A more sophisticated (and less American-centric) two-dimensional map can be found at The Political Compass, whose quiz is not the smallest (it's six web pages of questions) but still only takes about 10 minutes. Their map is essentially the same, but rotated 135 degrees, and with different labels on the axes. In this assessment, I turn out to be in the libertarian quadrant (the green dot in the lower left), with a "social latitude" of -4.87 (on a 10-point scale, with positive being authoritarian) and an "economic longitude" of 1.13 (with positive being free market). Interestingly, they have plotted a number of world leaders, and most of the western world ends up in the "northeast" (free-market-oriented statists), except for the Netherlands, Sweden, Finland, and Denmark, who end up east but slightly south of the equator. Practically all US politics is in the "northeast", as are the New Labour and Conservatives in the UK, but they also get the Liberal Democrats in the southeast, the Greens in the southwest, and the British Nationals in the northwest. Me, I'm in the same quadrant as Milton Friedman and Ayn Rand, but with communitarian sympathies pulling me closer to the "prime meridian" (beyond which lay Gandhi and the Dalai Lama).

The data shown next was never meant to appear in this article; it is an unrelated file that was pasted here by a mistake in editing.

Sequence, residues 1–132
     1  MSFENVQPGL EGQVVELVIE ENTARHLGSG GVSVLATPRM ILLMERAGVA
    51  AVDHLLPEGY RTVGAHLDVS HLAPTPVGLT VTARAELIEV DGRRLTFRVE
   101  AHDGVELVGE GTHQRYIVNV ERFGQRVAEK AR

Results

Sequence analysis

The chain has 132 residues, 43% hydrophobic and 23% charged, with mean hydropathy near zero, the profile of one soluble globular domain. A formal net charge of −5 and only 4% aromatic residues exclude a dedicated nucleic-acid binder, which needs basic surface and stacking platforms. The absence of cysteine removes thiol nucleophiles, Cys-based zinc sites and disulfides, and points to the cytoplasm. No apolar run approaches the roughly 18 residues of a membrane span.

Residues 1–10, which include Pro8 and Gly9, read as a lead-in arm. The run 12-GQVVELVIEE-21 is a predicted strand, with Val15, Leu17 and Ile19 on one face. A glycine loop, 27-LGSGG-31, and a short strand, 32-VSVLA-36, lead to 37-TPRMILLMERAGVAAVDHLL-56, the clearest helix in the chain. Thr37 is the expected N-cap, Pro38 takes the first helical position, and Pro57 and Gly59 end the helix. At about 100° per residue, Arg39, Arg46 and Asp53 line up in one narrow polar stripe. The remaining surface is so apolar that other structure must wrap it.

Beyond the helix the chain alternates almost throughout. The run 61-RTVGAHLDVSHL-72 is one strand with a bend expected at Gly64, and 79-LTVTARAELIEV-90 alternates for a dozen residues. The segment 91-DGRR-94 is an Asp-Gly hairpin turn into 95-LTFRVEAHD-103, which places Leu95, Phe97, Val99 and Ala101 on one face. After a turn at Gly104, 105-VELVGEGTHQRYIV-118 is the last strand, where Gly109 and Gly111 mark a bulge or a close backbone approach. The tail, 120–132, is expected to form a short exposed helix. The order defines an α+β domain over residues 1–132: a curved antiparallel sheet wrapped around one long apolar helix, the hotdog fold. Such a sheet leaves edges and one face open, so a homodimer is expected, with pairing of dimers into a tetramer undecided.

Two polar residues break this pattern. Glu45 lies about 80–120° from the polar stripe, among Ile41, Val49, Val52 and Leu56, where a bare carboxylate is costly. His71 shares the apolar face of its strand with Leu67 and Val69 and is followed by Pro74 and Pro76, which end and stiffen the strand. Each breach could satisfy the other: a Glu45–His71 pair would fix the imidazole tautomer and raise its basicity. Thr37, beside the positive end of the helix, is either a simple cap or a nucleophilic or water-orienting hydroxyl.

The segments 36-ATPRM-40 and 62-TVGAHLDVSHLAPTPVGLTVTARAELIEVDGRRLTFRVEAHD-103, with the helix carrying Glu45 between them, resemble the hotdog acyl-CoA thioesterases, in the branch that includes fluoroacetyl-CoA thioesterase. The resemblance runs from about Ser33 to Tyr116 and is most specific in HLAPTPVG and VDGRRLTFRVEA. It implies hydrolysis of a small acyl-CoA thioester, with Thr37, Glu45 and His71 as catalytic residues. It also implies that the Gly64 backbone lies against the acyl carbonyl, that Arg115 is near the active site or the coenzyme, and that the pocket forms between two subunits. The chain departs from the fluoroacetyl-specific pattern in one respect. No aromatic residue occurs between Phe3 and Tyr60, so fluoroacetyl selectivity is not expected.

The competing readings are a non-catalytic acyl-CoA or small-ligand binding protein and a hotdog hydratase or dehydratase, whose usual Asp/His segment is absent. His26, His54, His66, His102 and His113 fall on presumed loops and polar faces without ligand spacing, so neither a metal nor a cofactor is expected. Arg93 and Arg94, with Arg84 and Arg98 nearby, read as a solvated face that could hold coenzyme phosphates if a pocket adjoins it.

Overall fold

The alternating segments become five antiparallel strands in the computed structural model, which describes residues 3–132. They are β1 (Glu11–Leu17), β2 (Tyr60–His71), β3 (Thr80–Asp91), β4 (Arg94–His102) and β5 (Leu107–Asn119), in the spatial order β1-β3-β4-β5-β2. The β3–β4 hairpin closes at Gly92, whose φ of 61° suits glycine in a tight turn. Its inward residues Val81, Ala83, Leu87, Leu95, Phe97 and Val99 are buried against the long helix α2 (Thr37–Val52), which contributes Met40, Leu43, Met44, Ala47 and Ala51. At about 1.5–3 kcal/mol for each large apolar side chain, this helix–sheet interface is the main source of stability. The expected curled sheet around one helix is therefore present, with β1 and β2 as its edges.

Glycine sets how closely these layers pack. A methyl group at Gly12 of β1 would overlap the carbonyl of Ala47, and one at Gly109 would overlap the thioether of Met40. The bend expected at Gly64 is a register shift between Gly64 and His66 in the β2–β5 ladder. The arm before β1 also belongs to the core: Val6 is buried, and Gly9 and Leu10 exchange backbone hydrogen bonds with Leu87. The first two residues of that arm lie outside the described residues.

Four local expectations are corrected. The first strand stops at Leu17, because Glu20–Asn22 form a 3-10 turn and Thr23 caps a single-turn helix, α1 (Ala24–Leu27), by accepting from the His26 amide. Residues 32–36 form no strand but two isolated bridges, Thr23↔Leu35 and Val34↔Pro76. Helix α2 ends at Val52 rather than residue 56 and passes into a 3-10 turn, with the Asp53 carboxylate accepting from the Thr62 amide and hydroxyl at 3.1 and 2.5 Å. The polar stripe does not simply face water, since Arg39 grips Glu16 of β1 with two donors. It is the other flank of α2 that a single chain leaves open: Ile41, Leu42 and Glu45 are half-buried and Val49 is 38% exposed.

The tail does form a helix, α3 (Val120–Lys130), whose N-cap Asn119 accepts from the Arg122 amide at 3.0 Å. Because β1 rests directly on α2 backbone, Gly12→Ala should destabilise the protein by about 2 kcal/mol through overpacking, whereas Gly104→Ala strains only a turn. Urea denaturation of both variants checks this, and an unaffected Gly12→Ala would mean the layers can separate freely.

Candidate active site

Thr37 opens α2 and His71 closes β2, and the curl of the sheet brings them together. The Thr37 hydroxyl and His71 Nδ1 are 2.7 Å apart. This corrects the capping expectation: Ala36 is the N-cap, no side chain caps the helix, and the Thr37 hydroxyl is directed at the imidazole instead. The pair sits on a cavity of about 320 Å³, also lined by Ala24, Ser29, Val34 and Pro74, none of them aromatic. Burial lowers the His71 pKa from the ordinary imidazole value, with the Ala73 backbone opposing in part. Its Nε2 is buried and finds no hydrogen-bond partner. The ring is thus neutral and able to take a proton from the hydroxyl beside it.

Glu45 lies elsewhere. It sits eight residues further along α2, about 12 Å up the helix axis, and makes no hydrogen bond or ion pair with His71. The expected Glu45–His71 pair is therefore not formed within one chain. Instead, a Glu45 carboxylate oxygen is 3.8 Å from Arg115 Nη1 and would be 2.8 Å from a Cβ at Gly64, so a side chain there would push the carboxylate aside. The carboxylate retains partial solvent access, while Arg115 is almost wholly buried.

An earlier and more philosophical variant on the two-dimensional political landscape is called the Pournelle Chart, where the axes are "statism" (confidence in centralized government) and "rationalism" (confidence in planned solutions to social problems). The "statism" axis can plotted neatly on maps like The Political Compass, but the "rationalism" axis is a different dimension with no clear correspondent on the other maps. Pournelle labels the poles of "rationalism" as "reason enthroned" and "irrational", although as the Wikipedia article notes, "irrational" is not meant in a pejorative sense. As I understand it, better labels for the poles might be "idealist" and "sceptic". I've not seen any accompanying quiz that plots people on the Pournelle Chart, and I'm less certain where I'd land here. I'm probably somewhat west of center on the "statism" scale, and conflicted on the "rationalism" scale. Idealism runs deep in me, but I've grown to appreciate pragmatism more as I've aged, and I think I'd be relatively equatorial (probably somewhat north or south on different issues). Interestingly, Pournelle locates "various libertarians" in his northwest quadrant. However, most of the "small-l" libertarians I know and respect would be fairly west and fairly south, where Pournelle has put "classical anarchists" and the "American Counter-Culture". Indeed, one such libertarian I know and respect calls himself a "minarchist", and several of them feel the pull of the classical conservative Burke (whom Pournelle puts at the far south, but neither east nor west).